Generally speaking, Alamedans wants businesses that they are comfortable frequenting and proud to have in their neighborhood. And as is the case in many areas of town, convenience stores fulfill a very specific need and aren’t the pride or the most desirable aspect of the neighborhood.

Park Street has a great grocery shop and market area nearby — at the Marketplace. So this shop might not be very likely to stock lots of fruits and vegetables, though the market at Park and Lincoln does sell a bit of fresh produce.

More beer, wine and cigarettes? In this economy, such a store might be one of the most likely businesses that can succeed. But long term, it might not represent the grand desires of the Park Street community, which is hoping to make the area near the Park Street Bridge as interesting and inviting as possible.

With the car dealerships gone and a few used-car merchants hanging on, though, these are tough times. And without other merchants clamoring to open their doors at 1623 Park, the entrepreneur behind the proposed convenience store may get his thumbs up from the city.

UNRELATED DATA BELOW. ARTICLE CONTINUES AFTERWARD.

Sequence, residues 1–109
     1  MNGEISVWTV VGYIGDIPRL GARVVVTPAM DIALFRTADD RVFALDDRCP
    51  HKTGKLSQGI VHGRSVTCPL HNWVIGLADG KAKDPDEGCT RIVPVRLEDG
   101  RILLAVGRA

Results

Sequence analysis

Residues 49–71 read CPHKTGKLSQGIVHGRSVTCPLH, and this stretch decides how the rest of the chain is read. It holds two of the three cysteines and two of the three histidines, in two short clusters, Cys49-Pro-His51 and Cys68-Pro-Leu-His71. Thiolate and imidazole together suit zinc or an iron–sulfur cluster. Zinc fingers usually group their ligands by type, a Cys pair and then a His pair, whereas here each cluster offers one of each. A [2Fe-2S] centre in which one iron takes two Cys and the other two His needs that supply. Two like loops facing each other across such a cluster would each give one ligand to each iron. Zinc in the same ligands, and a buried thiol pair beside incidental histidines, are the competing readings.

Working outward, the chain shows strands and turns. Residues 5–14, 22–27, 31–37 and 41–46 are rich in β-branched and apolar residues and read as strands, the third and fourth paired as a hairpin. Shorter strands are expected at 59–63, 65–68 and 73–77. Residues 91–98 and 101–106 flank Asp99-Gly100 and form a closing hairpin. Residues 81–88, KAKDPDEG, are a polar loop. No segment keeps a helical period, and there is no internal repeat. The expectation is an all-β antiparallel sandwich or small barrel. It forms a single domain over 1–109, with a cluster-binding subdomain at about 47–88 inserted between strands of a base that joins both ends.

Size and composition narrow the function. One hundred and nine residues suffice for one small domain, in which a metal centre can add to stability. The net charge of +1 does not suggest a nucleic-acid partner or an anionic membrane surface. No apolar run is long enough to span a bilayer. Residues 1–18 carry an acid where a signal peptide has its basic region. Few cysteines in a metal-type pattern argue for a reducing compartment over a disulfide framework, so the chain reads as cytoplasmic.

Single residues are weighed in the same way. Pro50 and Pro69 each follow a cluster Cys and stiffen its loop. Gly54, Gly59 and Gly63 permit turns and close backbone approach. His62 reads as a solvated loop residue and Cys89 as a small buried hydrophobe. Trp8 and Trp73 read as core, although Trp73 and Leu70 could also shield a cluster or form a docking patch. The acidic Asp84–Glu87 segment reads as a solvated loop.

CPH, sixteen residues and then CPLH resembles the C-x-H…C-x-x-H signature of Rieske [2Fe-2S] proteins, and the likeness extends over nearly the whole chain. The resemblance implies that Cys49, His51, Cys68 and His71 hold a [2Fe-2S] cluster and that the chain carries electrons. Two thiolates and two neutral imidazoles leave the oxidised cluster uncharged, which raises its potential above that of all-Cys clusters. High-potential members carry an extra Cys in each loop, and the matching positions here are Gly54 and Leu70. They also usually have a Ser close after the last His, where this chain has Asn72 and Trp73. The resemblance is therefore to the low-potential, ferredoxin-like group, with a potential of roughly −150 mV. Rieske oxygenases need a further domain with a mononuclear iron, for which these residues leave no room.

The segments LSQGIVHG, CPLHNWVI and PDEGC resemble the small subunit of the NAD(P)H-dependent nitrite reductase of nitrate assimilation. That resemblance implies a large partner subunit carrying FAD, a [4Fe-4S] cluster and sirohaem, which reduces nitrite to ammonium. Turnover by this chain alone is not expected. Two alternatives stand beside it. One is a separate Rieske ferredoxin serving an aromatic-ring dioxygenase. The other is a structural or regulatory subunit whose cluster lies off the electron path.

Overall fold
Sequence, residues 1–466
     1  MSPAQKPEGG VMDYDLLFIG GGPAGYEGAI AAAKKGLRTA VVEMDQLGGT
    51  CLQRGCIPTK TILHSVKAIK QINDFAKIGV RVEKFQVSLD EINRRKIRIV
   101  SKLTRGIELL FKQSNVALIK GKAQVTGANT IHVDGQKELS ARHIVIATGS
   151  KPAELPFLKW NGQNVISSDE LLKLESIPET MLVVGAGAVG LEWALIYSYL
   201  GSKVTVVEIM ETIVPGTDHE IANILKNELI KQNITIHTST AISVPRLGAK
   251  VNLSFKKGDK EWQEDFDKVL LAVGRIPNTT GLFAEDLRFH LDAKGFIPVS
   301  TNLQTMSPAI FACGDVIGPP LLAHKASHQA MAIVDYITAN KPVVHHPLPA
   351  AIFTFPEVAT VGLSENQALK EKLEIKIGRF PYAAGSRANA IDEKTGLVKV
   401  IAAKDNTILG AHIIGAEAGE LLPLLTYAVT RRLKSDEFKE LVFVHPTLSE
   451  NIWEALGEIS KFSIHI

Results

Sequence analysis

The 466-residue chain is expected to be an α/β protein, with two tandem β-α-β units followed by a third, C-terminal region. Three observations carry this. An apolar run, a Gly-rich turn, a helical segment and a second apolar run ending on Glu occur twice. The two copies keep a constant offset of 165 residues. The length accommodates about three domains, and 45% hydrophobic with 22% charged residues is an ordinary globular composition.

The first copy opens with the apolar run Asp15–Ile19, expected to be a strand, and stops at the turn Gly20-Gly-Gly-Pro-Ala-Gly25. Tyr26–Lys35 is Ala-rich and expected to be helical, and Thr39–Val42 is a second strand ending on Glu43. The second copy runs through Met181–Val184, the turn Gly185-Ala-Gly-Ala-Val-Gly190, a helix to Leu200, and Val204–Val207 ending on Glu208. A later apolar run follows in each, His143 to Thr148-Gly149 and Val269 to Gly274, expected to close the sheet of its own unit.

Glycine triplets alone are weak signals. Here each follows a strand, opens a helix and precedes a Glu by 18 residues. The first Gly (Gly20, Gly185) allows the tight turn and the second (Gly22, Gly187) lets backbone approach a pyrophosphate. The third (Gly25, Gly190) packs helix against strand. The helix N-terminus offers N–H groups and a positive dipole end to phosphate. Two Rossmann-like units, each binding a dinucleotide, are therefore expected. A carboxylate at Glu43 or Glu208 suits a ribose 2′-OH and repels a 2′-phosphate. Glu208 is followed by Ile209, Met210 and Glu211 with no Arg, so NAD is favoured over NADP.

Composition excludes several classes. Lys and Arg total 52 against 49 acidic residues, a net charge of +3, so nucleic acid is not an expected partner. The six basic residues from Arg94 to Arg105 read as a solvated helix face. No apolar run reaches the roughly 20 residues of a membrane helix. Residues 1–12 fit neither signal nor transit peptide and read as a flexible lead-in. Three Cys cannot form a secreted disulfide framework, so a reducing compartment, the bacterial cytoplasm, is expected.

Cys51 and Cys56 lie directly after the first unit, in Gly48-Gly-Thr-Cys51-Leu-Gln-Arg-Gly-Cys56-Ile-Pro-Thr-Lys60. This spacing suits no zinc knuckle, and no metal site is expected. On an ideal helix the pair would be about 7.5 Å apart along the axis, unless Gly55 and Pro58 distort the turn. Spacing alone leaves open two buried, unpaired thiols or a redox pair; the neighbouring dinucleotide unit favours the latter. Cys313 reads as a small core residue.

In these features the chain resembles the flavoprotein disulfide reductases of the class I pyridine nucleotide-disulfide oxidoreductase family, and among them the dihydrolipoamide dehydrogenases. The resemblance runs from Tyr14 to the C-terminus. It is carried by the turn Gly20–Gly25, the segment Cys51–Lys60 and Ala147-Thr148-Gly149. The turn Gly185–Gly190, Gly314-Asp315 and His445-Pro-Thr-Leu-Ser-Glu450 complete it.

Stay tuned to see how the planning board votes.


From Pop Inn to Churchward Pub in Alameda (Part I)

Churchward Pub in Alameda

A look at the new Churchward Pub, aka the Pop Inn, on Park Street in Alameda.

The Pop Inn’s turned into the Churchward Pub, at its old location, 1515 Park Street.

It’s got three new TV screens and a lot more to offer locals, regulars and visitors from all over, says owner Joe Churchward, a 1996 graduate of Alameda High School.

Joyce Holsman (pictured above) still tends bar.

“I want to do this with a more European style and as a tribute to Alameda, ” says Churchward, who adds that historic photos and other artwork will be put up soon.

The place already celebrates happy hour and also has a DJ on Saturday nights.

The whole Churchward family is involved in the effort, according to Joe, such as his sister Lisa.